(And they shall take of the blood, and strike it on the two side posts and on the upper door post of the houses, wherein they shall eat it.) Ex:12:7
    3. And it came to pass, that at midnight the LORD smote all the firstborn in the land of Egypt, from the firstborn of Pharaoh that sat on his throne unto the firstborn of the captive that was in the dungeon; and all the firstborn of cattle. Ex:12:29
    4. Tomorrow you will pack up your belongings and depart for the desert and worship God. (We will go three days’ journey into the wilderness, and sacrifice to the LORD our God, as He shall command us. And Pharaoh said, I will let you go, that ye may sacrifice to the LORD your God in the wilderness; only ye shall not go very far away: intreat for me.) Ex:8:27,28

    Now can you see the parallel?

    1. The reunion dinner and the eating of the lamb in the house.
    2. The red paper and cloth and the lamb’s blood on the door posts and lintel.
    3. Nian passing over at midnight and the Death Angel passing over at midnight.
    4. The Chinese came out to pray to the God of Heaven after midnight, while the Israelites the following day left for the wilderness to sacrifice to the LORD God.

    The Jewish Passover Feast is a celebration of liberation from their slavery in Egypt. There is a great possibility that the Chinese New Year was borrowed from the Jewish Passover. And since the whole story begun in Egypt and Egypt is in the African Continent, it follows that the origins of the Chinese New Year is from Africa.

    ChunJie and Passover Spring Festival
    What further intrigued me was that the usage of the term ChunJie(for Chinese New Year), which means Spring Festival in Mandarin.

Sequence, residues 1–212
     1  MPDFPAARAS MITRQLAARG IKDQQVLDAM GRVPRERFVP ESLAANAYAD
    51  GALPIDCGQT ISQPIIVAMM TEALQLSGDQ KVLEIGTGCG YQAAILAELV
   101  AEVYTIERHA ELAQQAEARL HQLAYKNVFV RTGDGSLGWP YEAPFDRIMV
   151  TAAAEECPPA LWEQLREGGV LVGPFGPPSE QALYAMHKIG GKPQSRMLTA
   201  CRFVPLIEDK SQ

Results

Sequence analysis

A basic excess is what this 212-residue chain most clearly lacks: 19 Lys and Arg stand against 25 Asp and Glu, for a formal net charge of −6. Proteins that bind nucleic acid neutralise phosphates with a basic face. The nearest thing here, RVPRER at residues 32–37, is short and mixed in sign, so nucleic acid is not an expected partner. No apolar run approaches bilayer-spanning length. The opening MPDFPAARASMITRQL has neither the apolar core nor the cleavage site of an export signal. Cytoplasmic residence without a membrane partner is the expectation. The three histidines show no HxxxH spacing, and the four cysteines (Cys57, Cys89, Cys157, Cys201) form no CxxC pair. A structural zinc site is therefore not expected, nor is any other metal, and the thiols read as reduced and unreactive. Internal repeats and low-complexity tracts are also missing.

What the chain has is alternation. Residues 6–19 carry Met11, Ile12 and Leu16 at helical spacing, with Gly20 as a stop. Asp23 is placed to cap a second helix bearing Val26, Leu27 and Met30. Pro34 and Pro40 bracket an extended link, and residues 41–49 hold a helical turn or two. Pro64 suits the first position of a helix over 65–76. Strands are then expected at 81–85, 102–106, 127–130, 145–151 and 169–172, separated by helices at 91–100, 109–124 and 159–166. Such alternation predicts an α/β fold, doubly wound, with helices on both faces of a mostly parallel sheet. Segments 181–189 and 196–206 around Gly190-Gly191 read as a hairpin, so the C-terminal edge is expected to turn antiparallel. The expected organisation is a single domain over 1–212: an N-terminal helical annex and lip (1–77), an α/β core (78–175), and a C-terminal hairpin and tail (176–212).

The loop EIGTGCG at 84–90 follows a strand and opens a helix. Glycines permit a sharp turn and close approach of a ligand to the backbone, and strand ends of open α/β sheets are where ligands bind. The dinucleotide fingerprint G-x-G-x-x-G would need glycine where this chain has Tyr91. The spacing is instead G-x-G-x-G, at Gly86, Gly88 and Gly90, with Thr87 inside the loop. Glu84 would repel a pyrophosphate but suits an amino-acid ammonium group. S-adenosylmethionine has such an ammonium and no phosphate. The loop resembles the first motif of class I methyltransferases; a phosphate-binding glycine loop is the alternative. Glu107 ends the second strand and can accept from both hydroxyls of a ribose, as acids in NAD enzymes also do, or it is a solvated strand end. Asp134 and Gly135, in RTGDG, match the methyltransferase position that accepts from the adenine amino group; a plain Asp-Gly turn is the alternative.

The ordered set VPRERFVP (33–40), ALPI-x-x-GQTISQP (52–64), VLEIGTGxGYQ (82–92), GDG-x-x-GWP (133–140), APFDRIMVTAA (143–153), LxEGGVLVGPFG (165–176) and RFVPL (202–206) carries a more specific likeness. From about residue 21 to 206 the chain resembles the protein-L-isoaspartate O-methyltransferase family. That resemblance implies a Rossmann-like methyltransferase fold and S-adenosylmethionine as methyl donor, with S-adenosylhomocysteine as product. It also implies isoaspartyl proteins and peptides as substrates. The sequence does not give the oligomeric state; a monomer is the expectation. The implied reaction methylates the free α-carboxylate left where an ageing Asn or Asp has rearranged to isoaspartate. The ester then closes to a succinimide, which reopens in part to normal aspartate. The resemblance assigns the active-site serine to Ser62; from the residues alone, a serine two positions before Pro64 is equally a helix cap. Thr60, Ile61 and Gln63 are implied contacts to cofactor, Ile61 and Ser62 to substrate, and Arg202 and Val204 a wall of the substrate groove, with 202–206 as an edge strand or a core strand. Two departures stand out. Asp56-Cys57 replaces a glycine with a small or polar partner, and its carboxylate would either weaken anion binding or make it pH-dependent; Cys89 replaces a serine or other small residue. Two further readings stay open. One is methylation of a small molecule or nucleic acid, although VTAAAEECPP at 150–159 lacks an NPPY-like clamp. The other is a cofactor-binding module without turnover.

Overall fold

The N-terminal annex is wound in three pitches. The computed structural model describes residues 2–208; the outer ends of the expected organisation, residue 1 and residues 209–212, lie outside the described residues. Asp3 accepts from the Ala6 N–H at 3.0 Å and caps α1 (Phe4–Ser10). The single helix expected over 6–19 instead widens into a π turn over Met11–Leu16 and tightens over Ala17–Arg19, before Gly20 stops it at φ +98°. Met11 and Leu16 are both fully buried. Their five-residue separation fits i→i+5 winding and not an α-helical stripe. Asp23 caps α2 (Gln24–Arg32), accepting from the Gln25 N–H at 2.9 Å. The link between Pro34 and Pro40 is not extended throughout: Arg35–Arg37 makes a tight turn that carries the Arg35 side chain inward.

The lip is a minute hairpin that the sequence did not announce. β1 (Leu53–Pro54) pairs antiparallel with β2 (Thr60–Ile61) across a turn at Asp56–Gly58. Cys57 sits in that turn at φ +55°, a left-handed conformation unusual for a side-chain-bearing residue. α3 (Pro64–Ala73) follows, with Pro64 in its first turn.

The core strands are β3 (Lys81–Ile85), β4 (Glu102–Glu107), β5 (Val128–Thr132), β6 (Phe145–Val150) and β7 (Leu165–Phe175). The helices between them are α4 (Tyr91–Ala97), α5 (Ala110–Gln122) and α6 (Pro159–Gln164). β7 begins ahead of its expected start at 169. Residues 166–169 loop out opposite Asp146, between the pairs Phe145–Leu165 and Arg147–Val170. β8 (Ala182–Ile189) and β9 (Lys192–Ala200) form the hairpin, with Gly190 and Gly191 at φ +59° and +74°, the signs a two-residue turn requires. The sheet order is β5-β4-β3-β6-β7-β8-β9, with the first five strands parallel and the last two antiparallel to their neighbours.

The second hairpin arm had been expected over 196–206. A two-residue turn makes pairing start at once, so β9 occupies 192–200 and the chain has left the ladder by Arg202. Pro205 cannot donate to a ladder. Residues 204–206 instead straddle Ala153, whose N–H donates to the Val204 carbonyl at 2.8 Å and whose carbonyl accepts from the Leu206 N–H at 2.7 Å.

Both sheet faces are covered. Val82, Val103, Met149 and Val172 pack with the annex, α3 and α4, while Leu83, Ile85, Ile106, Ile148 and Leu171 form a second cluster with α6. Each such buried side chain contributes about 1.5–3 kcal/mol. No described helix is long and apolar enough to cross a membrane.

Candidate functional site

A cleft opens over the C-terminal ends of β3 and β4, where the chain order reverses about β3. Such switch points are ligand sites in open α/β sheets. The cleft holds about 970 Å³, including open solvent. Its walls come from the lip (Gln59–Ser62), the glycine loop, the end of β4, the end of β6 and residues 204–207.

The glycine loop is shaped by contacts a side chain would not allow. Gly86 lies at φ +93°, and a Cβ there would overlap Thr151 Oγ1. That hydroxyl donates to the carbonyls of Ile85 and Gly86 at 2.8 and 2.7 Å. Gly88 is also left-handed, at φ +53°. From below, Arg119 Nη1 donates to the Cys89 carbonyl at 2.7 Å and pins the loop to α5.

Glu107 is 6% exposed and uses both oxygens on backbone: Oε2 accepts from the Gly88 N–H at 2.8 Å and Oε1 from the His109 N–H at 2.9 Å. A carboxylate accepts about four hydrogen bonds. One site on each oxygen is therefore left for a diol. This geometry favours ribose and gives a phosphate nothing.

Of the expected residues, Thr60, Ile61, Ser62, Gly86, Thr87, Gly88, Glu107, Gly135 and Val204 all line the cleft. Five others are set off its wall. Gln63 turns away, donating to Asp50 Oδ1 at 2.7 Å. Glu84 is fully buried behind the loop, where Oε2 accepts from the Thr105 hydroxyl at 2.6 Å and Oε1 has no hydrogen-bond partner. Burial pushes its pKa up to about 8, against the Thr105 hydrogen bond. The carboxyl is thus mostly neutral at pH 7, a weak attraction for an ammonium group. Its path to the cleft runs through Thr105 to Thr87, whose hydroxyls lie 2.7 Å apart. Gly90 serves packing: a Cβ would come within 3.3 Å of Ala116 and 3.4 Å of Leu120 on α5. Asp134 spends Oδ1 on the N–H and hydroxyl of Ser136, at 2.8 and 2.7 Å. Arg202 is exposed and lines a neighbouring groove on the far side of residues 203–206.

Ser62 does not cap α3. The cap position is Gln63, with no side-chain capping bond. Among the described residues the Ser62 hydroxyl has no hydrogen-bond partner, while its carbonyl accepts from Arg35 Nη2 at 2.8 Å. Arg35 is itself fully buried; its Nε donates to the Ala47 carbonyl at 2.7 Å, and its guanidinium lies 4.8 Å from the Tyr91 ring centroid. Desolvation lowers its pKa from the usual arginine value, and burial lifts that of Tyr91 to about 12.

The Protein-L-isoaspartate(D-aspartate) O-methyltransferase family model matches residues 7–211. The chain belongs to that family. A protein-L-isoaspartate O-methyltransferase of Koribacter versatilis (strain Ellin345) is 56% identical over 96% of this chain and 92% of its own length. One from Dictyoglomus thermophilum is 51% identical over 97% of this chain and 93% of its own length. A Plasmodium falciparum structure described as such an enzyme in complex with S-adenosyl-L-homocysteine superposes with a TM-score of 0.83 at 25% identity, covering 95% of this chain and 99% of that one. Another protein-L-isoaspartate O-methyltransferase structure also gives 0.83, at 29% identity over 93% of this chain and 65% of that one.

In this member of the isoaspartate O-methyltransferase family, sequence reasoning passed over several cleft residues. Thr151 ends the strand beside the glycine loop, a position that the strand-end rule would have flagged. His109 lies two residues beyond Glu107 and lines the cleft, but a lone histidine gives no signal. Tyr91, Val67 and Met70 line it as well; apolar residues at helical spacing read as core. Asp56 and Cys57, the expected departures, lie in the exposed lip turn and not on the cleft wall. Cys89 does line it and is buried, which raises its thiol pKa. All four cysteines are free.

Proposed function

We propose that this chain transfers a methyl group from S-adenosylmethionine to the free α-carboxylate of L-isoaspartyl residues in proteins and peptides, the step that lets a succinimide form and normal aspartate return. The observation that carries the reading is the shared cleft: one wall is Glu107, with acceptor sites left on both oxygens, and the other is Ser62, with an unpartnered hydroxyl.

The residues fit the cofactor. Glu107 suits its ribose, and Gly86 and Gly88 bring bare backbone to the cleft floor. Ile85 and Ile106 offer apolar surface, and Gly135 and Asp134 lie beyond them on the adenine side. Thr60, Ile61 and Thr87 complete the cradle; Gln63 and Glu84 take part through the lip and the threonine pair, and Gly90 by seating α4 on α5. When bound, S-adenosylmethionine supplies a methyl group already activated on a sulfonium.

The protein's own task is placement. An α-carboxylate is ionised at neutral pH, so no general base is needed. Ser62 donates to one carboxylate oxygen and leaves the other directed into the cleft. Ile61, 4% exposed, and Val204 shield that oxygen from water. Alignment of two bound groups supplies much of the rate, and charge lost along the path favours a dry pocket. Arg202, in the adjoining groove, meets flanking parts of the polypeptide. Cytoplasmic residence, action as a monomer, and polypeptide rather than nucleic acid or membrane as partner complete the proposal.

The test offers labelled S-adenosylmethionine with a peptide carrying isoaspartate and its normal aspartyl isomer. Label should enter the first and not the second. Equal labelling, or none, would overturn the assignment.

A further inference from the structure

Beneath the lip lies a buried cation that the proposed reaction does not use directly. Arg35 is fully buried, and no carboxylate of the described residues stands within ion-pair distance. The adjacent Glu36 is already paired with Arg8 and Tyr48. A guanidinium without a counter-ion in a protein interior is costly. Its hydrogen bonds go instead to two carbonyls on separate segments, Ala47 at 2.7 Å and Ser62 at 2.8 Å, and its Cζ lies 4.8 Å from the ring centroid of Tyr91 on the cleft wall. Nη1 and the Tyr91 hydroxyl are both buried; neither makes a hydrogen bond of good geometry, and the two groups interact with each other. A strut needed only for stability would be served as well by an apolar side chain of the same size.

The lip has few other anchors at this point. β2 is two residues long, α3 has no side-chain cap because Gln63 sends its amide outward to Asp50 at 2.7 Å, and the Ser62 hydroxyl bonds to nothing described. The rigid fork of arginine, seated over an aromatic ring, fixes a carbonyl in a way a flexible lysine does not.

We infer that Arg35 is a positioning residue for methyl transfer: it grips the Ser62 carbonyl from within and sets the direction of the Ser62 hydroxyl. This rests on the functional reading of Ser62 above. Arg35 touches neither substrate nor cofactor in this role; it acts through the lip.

Chinese New Year always fall between end January and mid-February. This year it falls on 31 January.
    What I find anomalous is that neither the end of January nor mid-February is anywhere near Spring, and yet it is called the Spring Festival. Spring in the Northern Hemisphere is always end of March. This year the Passover is 25 Mar to 2 April. Could it be that the ‘Spring Festival’ term is borrowed from the Jewish term, ‘Hag HaAviv’ meaning ‘the Spring Festival’, which is the Passover.
    The 15 Days
    And whilst the Jewish Passover is celebrated beginning on the 15th day of the month, the Chinese celebrate their New Year for 15 days, culminating with the Lantern Festival. Again, the similarity of 15th and 15 days. Could ancient communication suffered some distortions, when 15th day was mistaken for 15 days?

    Passover has several different names in the Torah. The name Hag HaAviv, “the spring festival,” refers to the holiday’s agricultural roots. The term Pesach refers to the paschal offering on the fourteenth day of Nisan. The lamb was eaten on the first night of the holiday, which today is the night of the first seder. The term Hag HaMatzot, “the matzah festival,” refers to the entire holiday during which leavened bread is not eaten.
    Ex:12:18: In the first month, on the fourteenth day of the month at even, ye shall eat unleavened bread, until the one and twentieth day of the month at even.
    De:16:1: Observe the month of Abib, and keep the passover unto the LORD thy God: for in the month of Abib the LORD thy God brought thee forth out of Egypt by night.
    Nu:9:11: The fourteenth day of the second month at even they shall keep it, and eat it with unleavened bread and bitter herbs.
    Nu:28:17: And in the fifteenth day of this month is the feast: seven days shall unleavened bread be eaten.

    Above article by Edmond Tay. Email: